Children of Blood and Bone is a young adult fantasy novel, the likes of which you won’t have read before. Quite a startling and ambitious novel in terms of breadth, scope, world-building and social commentary, it is a book that impresses and informs on so many levels. Adeyemi has taken traditions from West African folklore and woven them into a fantasy world that is beautiful, detailed and all-enveloping, under-scored with a palpable anger that the author freely admits is what powered her desire to write the book.
The novel is set in the imaginary world of Orisha, which has its foundations clearly in Nigeria, where the maji people once possessed powerful magic, until that was taken from them and their leaders were brutally slaughtered by the king, the remnants of the race now living under oppression in a land where the colour of your skin determines your social standing. The story is told from the perspectives of three protagonists; Zelie, the daughter of a powerful maji leader who finds a way to tap into the remnants of her magic and the opportunity to bring it back to all he maji in the land; Amari, the daughter of the brutal king who has suffered her own form of oppression; and Inan, the son and heir of the kind who pursues Zelie in an attempt to apprehend her, whilst hiding his own dark secret. Each of these voices is clear and well-developed, and brings a different perspective to the story that helps the reader understand this world, its tensions and difficulties from all angles. It is a masterful technique.
The world that the author has built here is beautiful and evocative and detailed and fascinating, but also with recognisable parallels to our society and the fundamental inequalities that exist in it and have so recently resulted in uprising. Adeyemi explores all aspects of oppression and inequality through the story of Orisha, including addressing some of the misconceptions that arise on all sides and, interestingly, how inequalities of race, power, economic standing and gender intersect. Whilst this book is sold as a young adult fantasy novel, the book has so much to say to people of all ages and interests, I would urge anyone to read it, even if you think this genre is not usually for you. In addition to the social messaging, the book also involves a tender, enemies to lovers romance, which is developed beautifully and convincingly, in a way that enhances, rather than detracts from, the quest storyline.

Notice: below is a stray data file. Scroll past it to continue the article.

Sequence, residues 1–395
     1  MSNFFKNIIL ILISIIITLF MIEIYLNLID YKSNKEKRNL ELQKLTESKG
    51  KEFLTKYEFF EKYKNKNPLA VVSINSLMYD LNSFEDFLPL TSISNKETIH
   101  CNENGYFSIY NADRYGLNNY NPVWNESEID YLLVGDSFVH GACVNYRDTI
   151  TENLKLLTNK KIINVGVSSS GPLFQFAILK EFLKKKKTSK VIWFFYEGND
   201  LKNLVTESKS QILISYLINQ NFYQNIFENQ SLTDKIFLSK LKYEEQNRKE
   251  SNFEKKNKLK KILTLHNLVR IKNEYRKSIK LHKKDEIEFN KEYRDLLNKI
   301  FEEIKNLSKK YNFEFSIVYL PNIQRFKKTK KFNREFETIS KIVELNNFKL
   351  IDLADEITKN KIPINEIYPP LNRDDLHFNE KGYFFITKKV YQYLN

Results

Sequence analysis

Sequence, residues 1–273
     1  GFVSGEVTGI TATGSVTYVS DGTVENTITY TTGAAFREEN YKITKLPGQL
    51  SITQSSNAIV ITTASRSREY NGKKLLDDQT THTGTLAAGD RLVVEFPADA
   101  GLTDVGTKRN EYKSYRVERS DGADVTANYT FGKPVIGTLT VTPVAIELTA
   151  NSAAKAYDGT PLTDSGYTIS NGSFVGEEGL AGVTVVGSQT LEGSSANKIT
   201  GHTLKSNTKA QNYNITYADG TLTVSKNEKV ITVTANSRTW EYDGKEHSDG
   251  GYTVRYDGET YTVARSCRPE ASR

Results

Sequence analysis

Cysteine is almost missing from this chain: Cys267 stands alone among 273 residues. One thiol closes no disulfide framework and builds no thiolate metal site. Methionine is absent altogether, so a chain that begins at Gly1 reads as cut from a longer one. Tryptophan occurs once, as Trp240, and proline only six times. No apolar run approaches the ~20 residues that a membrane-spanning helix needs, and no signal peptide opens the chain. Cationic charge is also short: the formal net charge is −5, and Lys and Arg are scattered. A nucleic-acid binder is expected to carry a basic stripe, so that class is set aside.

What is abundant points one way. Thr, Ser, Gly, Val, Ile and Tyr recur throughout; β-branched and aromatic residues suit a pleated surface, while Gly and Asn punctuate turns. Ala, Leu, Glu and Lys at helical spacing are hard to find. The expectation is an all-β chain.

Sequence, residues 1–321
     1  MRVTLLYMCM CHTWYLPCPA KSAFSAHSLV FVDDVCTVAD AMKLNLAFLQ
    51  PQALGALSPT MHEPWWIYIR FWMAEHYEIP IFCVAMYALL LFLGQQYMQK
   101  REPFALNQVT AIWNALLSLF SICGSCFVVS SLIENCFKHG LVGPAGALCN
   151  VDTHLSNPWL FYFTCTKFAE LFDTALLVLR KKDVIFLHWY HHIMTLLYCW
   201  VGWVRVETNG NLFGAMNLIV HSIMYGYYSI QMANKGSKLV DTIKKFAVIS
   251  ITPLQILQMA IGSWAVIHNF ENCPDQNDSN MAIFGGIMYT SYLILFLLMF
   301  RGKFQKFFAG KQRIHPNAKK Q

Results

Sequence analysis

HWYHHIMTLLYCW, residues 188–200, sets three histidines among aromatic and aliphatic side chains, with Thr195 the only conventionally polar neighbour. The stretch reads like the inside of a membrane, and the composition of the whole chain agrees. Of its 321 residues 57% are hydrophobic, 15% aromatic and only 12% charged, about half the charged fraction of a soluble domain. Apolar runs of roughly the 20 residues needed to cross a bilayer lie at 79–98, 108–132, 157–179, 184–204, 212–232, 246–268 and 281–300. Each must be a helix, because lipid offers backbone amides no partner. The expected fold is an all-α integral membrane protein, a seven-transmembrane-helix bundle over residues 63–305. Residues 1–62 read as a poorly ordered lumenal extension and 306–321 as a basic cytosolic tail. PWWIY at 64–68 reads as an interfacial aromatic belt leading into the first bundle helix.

The novel garnered a six-figure advance and has already been placed in production as a movie. It is the first book in a planned trilogy, with book two already in print, and which I cannot wait to read. I can completely understand why the book has merited all of this buzz, it is totally deserved. It is impressive, pacy and entertaining, but at the same time goes much deeper and rewards the reader with a complex reading experience. For anyone looking for a fiction book that explores the issues raised by the BLM movement, you can do no better than this.
The book is long, but does not lack in action at any point. I listened to the audiobook, and the narrator was absolutely wonderful, she really brought each of the voices to life in an authentic way and I can highly recommend the audio version as a great value for money use of an Audible credit.
Jools M - 31/07/2020
Children of Blood and Bone is a GROUND BREAKING magical book that makes you feel grief, oppression, love, family and most of all, magic. It has all the right elements, realistic characters that you root for from page one, a GORGEOUS cover and basically the epic black protagonist book we’ve all been looking for.
1. I took this book on a photography trip with me, up North, and through the most hectic week of my life, all I could think about was going back to the bus/ room and reading more of this BEAUTY.
2. I am OBSSESSED with books that are obsessed with magic and Children of Blood and Bone had it ALL. Magical artefacts, different kinds of power, the repercussions of using magic, the beauty within magic and the fight to bring magic back. I LOVED IT SO MUCH.
3. Tomi Adeyemi’s characters are STUNNING, but especially Zelie. I fell for this broken, magical, headstrong girl instantly and reading about the world through her eyes, and experiencing her grief was breath taking and I loved every second of it. Her hate, her hope and her need for change was so raw, and she clawed her way into my heart. I also ADORED Roen, and I hope he has a much bigger role to play in books to come.
4. I also LOVED Inan, the prince and Tzain, Zelie’s brother. I was a little disappointed that Tzain didn’t get a viewpoint in the book, because he was such an important character. Inan, however, HOLY WOW. His character development and his thought process and responsibilities were so well written that I craved more from this tortured Prince.
5. Amari was definitely my least favourite character among the four. While I liked her growth, I simply failed to connect with her.
6. THE PLOT AND WORLD BUILDING IS INSANE, AND DEFINITTELY #1 NYT BESTSELLER WORTHY. There was always something happening, always another plot twists or characters surprising you and it kept me on the edge of my seat!
7. My favourite part of this book, however, was the parallel that Tomi Adeyemi drew to the Black Lives Matter movement in her fantasy world. Just like Angie Thomas’ The Hate U Give, I felt everything – the pain, the oppression, the need for justice, fairness and compassion. It was a beautifully written book.
A stunning, beautiful, hard-hitting, magical debut novel, with brilliant women that will remind you of Black Panther, set in the fantasy world of your dreams. 4.5 stars.
Aditi - ATWAMB - 22/03/2018